particular  filesystem,  so  long	 as the	mke2fs parameters that
	      were passed when the filesystem was originally created are  used
	      again.  (With the	-n option added, of course!)

       -N number-of-inodes
	      Overrides	 the  default calculation of the number	of inodes that
	      should be	reserved for the filesystem (which  is	based  on  the
	      number  of  blocks  and the bytes-per-inode ratio).  This	allows
	      the user to specify the number of	desired	inodes directly.

       -o creator-os
	      Overrides	the default value of the  "creator  operating  system"
	      field of the filesystem.	The creator field is set by default to
	      the name of the OS the mke2fs executable was compiled for.

       -O feature[,...]
	      Create a filesystem with	the  given  features  (filesystem  op-
	      tions), overriding the default filesystem	options.  The features
	      that are enabled by default are specified	by  the	 base_features
	      relation,	   either   in	 the   [defaults]   section   in   the
	      /etc/mke2fs.conf configuration file, or in the  [fs_types]  sub-
	      sections for the usage types as specified	by the -T option, fur-
	      ther modified by the features relation found in  the  [fs_types]
	      subsections  for	the  filesystem	 and  usage  types.   See  the
	      mke2fs.conf(5) manual page for  more  details.   The  filesystem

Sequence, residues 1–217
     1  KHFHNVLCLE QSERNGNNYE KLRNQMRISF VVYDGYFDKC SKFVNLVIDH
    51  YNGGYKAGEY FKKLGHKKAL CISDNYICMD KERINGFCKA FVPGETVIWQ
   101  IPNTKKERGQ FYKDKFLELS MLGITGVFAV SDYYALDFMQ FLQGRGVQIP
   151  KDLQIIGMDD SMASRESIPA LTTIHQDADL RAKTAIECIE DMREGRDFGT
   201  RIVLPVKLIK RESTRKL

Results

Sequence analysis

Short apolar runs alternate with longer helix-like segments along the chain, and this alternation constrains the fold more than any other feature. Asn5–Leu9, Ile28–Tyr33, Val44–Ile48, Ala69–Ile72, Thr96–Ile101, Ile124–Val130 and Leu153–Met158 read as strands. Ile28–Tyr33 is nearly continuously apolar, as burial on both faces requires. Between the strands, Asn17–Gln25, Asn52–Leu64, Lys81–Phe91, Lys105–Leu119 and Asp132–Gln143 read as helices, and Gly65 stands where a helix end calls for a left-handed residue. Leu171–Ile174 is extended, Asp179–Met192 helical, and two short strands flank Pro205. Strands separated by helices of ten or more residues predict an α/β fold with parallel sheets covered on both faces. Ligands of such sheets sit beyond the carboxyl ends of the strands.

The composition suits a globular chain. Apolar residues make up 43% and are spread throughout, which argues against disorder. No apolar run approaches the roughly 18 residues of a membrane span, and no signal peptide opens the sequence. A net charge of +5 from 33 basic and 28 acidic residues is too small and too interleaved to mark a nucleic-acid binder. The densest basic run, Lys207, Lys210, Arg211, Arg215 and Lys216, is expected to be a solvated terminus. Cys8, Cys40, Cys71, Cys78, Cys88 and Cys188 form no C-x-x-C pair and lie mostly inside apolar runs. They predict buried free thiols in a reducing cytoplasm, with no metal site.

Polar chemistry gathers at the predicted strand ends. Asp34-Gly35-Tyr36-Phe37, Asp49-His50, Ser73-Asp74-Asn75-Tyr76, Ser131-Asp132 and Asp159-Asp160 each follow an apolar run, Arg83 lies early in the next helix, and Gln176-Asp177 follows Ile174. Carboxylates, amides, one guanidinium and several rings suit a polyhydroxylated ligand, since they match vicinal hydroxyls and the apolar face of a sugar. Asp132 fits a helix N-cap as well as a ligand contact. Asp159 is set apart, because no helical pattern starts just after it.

type-specific configuration setting found	in the [fs_types] sec-
	      tion will	override the global default found in [defaults].

	      The filesystem feature set will be further edited	 using	either
	      the  feature  set	specified by this option, or if	this option is
	      not given, by the	default_features relation for  the  filesystem
	      type being created, or in	the [defaults] section of the configu-
	      ration file.

	      The filesystem feature set is comprised of a list	 of  features,
	      separated	 by commas, that are to	be enabled.  To	disable	a fea-
	      ture, simply prefix the feature name with	a  caret  ('^')	 or  a
	      minus  ('-')  character.	Features with dependencies will	not be
	      removed successfully.  The pseudo-filesystem feature "none" will
	      clear all	filesystem features.

       For more	information about the features which can be set, please	see
	      the manual page ext4(5).

       -q     Quiet execution.	Useful if mke2fs is run	in a script.

       -r revision
	      Set  the	filesystem revision for	the new	filesystem.  Note that
	      1.2 kernels only support revision	0 filesystems.	The default is
	      to create	revision 1 filesystems.

       -S     Write  superblock	and group descriptors only.  This is useful if
	      all of the superblock and	backup superblocks are corrupted,  and
	      a	 last-ditch  recovery  method is desired.  It causes mke2fs to
	      reinitialize the superblock and  group  descriptors,  while  not
	      touching	the  inode table and the block and inode bitmaps.  The
	      e2fsck program should be run immediately after  this  option  is
	      used,  and  there	is no guarantee	that any data will be salvage-
	      able.  It	is critical to specify the correct  filesystem	block-
	      size when	using this option, or there is no chance of recovery.

       -t fs-type
	      Specify  the filesystem type (i.e., ext2,	ext3, ext4, etc.) that
	      is to be created.	 If this option	is not specified, mke2fs  will